Reprinted from yesterday's late editions
Not with band nor whimper but with something of a lurch, radio station WPFW-FM ended a nine-year marathon of bureaucratic rigmarole and frantic fund-raising and actually went on the air, at precisely 8 o'clock Monday night. Or approximately 8 o'clock Monday night.
At around 7:58, development director Pamela Peabody picked up a telephone and asked general manager Greg Millard for the number of the time lady. Millard said, "T1-4-2525," but by the time Peabody started to dial, someone else called out. "Thirty seconds, kids!"
Millard and Peabody rusheed into a tiny and definitely makeshift studio and got ready to make history. Washington's first Pacifica, listener-supported radio station was about to sign on.
Asked earlier if the station would be signing on with "The Star-Spangled Banner" as is traditional, Millard, a 29-year-old Houston-born poet and Harward Law dropout, smiled and said, "We're going to play some Duke Ellington." The first official sounds broadcast by WPFW were the strains of "Take the A-Train." This is entirely in keeping with the image of the Pacifica stations, which are known for rambunctious politics, minority-group programming and aggressive non-commercialism.
No, this is not your typical radio station. Operations director Robert Frazier, in beard, earphones and jeans, didn't even know if the station was on the air until he tuned it in on a clunky old receiver in the control room. "How do you spell 'inauguarl'?" he asked as he prepared to enter the first broadcast in the station log.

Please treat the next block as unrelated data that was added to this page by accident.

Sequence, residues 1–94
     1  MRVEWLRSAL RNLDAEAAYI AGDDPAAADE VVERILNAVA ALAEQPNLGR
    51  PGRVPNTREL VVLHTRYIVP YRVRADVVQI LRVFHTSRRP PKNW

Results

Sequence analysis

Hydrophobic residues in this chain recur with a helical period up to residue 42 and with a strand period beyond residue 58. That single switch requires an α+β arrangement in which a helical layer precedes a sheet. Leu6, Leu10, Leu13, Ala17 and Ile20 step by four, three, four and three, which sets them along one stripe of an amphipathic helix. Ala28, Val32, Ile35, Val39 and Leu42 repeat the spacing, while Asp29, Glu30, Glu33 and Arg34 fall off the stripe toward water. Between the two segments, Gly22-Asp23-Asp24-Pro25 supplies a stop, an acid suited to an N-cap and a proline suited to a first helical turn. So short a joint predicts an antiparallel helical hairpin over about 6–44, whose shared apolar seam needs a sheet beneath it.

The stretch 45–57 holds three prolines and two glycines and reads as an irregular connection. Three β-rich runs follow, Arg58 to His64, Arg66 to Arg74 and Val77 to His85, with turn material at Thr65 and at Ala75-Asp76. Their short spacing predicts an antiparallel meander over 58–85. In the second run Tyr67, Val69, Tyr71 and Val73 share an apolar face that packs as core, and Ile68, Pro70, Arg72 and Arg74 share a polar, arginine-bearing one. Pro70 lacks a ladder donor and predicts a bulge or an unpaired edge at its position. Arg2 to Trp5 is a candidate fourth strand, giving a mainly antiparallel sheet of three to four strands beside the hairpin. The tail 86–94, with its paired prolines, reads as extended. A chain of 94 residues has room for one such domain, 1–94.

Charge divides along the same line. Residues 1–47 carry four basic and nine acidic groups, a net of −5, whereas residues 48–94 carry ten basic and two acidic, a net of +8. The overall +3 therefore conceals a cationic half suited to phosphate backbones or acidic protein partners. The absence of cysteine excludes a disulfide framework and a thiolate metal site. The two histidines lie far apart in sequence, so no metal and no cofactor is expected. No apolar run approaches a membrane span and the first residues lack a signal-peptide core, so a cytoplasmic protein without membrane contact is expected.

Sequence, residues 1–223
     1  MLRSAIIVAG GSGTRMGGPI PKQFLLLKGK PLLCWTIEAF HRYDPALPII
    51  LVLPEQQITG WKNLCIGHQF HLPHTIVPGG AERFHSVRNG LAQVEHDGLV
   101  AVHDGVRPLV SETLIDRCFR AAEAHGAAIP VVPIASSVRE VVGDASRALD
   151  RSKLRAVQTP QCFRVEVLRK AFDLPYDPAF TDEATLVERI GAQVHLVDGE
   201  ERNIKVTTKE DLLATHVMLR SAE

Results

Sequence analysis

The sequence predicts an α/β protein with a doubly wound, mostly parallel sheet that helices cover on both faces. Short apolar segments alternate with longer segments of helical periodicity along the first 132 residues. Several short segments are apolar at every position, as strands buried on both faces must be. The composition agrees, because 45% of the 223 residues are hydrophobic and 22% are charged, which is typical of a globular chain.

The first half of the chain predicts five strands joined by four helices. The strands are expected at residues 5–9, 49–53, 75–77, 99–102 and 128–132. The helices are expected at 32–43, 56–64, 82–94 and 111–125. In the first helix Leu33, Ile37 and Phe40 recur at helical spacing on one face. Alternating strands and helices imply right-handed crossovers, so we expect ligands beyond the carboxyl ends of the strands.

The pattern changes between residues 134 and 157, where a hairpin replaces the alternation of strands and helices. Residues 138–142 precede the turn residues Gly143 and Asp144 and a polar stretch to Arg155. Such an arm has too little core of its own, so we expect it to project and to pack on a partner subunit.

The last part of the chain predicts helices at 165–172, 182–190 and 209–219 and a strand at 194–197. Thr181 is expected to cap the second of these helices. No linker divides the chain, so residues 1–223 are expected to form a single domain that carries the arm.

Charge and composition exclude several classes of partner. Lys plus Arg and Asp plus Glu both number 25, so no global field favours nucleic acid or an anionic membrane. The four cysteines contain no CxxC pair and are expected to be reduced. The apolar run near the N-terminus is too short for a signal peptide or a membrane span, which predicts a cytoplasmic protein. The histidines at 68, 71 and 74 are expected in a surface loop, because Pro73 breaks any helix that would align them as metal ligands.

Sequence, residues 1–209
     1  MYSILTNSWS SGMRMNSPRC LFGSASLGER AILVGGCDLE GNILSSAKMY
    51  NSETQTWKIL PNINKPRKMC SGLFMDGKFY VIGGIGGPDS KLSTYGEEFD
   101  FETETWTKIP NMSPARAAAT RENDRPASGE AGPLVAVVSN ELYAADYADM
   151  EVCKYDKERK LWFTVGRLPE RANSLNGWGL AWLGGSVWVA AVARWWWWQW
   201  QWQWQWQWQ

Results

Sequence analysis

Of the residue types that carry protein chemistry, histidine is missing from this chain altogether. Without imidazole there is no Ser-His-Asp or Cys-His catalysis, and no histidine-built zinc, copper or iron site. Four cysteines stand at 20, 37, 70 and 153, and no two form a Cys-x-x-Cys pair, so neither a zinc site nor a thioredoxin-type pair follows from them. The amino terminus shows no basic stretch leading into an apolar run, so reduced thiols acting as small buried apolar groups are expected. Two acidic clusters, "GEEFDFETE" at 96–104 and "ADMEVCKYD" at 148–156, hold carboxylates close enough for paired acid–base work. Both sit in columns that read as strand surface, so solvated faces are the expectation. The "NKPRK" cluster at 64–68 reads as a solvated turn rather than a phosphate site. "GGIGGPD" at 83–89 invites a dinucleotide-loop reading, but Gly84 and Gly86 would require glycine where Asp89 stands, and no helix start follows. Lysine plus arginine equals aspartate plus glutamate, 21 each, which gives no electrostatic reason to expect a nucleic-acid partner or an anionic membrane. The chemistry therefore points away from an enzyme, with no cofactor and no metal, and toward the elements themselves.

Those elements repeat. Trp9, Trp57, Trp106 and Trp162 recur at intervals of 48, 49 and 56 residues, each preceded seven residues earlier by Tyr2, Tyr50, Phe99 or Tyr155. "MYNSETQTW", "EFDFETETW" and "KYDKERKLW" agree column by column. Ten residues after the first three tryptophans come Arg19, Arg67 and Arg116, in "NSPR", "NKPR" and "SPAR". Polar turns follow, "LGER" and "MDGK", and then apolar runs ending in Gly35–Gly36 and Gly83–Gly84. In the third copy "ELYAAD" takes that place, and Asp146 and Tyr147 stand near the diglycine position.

"I wonder if Marconi started this way," mused one of the volunteer staff members crowding the control room, which is crowded even when only the controls are in it. "I need a sedative," said another volunteer.
While a camera crew from a local TV station traipsed through the cramped quarters, Millard, Peabody, program director Denise Oliver, and veteran Pacifica organizer Phil Watson squeezed around a table for an on-air discussion of how nice it was to be on air.
"This has been a long pregnancy," Watson said.
"The longest pregnancy in history!" Oliver said.
During its first few weeks of life, WPFW will only broadcast from 8 p.m. to 5 a.m. daily. That's because it's transmitter, added to the tower at WAMU-FM on the American University campus, is prankishly sending its signal not only out but down, straight down into the WAMU studios. So WPFW can only be on when the WAMU studios are not in use. The roof of the building will be covered with cooper shielding to correct this.
The programming will include a lot of jazz and a lot of talk: "meditational music" with Mark Yount, a recorded speech by Angela Davis, "Science Fiction Theater," Millard's poems read by Millard, and Rep. John Conyers (D-Mich.) playing records and interviewing musicians.
"We don't know who our audience will be," Millard said earlier in the evening, in an office with an airsick bag tacked to the bulletin board. "We don't think so much in racial terms: I've never believed that people listen in little "black" or "white" boxes. We hope to reach a cross-section of the region."